Real Canaan Theatre’s inaugural production The Merchant of Venice is a fascinating take on the Shakespearean classic. Directed by Christopher Lucas, who is also the Artistic Director of the company, The Merchant of Venice uses a small but mighty cast to bring Shakespeare’s work to life. With plenty of fresh ideas to chew on, The Merchant of Venice is a fantastic way to introduce Real Canaan Theatre to the Toronto theatre scene.
The Merchant of Venice did a fantastic job of putting several ideas which I know I’ve looked at in a scholarly setting to the test on stage. One of these is the idea that perhaps Antonio and Bassanio are more than friends. There were several gestures and looks which implied that this just might be true, and especially proved interesting at the end of the play. As my partner pointed out to me, they even used what’s referred to as bisexual lighting to light the two characters in the final moments of the play. Another important element which was different was the fact that Shylock and Jessica weren’t Jewish, they’re immigrants to Venice with no specified origin. By pulling the focus away from the Christian vs. Jew dichotomy of the original text, it allows the text to be more all-encompassing. In Shakespeare’s day that dichotomy was a hot-button issue, and while it remains so, I found it an interesting experiment to see how the characters might function if that element of their beings was taken away.
The cast was absolutely captivating; their stellar talent and ease with the language made The Merchant of Venice truly a pleasure to witness. Featuring Aaron Macpherson, Bridget Ori, Elyssia Giancola, Freya Scerri Diacono, Hadley Abrams, Kitti Laki, Roberto Ercoli, they went from character to character, accent to accent, flawlessly. There was never a question about which character they were playing or what was going on. Ercoli and Macpherson’s characterizations in particular had us all rolling in the isles with laughter. Whereas Giancola and Diacono made a delicious team as Portia and Nerissa. Ori, Abrams, and Laki all impressed me immensely with their performances, particularly in how they handled the language. These are some of Shakespeare’s most quotable lines and memorable speeches and they performed them with grace and ease. I enjoyed how the audience was engaged with by the actors throughout the performance. With such a small space, they really made us feel like we were a part of the performance. The main thing for me was that they looked like they were having fun; you could tell that they were comfortable with each other and felt the liberty to truly play with one another.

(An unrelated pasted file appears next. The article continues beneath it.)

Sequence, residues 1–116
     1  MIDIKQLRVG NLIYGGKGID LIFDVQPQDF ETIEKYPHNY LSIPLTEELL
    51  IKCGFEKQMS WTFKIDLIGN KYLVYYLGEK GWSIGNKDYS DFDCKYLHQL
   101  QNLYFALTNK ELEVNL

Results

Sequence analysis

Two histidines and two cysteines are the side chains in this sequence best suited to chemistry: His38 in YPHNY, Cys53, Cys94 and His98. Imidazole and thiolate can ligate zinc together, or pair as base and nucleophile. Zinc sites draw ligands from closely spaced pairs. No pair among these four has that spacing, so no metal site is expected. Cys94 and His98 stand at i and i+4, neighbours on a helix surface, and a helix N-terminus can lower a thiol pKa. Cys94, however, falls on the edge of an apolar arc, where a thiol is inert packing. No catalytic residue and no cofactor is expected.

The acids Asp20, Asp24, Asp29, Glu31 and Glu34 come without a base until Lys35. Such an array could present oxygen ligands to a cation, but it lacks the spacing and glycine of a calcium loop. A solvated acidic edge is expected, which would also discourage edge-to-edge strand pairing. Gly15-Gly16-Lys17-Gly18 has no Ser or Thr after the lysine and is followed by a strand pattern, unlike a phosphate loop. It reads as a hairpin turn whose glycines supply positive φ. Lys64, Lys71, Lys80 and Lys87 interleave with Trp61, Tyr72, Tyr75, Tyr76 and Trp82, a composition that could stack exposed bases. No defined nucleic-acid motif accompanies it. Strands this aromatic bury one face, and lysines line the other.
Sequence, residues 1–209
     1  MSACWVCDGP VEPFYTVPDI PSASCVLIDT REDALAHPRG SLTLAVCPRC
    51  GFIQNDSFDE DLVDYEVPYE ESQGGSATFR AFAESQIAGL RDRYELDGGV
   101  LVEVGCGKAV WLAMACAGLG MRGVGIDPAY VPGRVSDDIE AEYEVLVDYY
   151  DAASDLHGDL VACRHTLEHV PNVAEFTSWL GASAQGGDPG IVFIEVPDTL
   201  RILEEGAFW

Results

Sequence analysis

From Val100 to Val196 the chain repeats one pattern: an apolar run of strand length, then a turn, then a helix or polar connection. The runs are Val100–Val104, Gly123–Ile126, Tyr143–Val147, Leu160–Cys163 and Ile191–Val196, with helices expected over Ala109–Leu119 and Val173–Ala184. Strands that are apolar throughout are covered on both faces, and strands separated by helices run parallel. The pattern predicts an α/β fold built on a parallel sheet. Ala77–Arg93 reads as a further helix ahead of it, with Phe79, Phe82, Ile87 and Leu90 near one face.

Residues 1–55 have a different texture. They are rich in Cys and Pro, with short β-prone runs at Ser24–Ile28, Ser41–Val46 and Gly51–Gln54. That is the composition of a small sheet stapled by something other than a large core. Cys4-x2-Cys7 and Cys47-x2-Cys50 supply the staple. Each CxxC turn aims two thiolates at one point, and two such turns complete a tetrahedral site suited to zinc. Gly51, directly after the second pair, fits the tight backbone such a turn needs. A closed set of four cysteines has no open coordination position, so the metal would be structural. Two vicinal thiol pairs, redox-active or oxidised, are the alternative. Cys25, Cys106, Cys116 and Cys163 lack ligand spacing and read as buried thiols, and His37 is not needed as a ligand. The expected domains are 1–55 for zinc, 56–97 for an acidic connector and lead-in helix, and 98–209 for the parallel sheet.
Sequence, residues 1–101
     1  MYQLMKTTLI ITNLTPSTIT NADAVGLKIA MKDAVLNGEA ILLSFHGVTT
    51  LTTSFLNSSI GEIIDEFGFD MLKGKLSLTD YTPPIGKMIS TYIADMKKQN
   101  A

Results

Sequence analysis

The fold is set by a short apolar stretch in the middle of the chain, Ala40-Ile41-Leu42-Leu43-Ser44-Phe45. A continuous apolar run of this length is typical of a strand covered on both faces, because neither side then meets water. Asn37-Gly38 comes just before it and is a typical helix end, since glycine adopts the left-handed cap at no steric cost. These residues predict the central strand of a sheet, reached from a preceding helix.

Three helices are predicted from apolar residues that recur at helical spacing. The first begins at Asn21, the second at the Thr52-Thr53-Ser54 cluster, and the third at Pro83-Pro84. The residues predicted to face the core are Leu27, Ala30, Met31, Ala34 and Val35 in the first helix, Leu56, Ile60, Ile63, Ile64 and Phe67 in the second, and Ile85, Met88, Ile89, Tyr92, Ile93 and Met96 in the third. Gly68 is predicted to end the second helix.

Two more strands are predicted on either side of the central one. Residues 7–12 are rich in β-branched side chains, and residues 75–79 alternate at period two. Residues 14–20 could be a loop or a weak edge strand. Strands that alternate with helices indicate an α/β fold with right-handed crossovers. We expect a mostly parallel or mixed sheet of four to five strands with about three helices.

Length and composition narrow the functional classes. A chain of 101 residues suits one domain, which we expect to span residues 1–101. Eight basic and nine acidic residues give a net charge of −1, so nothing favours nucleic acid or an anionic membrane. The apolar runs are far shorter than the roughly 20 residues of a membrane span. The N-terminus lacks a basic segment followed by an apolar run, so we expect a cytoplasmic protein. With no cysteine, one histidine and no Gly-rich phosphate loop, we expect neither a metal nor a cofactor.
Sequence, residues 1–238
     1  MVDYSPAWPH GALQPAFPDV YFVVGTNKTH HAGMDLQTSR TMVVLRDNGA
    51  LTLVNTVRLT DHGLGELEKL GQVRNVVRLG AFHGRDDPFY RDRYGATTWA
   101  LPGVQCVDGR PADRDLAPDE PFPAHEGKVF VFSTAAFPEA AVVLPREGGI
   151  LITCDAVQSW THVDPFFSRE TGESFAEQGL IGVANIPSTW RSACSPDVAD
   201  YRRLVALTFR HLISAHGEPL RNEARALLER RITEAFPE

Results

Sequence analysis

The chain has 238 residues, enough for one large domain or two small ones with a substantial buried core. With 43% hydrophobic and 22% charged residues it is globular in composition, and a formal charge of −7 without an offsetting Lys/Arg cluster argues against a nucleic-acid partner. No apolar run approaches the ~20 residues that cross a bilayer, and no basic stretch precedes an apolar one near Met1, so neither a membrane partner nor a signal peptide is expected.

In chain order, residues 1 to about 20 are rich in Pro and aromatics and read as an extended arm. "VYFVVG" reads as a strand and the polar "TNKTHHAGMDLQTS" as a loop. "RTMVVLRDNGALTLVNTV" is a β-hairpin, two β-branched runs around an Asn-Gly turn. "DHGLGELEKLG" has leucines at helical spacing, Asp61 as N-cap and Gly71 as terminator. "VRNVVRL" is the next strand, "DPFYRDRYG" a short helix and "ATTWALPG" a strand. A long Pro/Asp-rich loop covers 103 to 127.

If this is the level of performance coming from Real Canaan Theatre with their first production ever, I cannot wait to see what’s in store from them next! Check out this thought-provoking, riveting performance happening at the Red Sandcastle Theatre until September 25th. For more information and tickets, visit: Real Canaan Theatre presents THE MERCHANT OF VENICE – Sep 8 – 25, 2022 (ticketscene.ca)
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One thought on “Real Canaan Theatre’s “The Merchant of Venice””
FreyaScerri Diacono is my first granddaughter. Well done to all your family in Malta. We all LOVE you so much. Keep up the good work.
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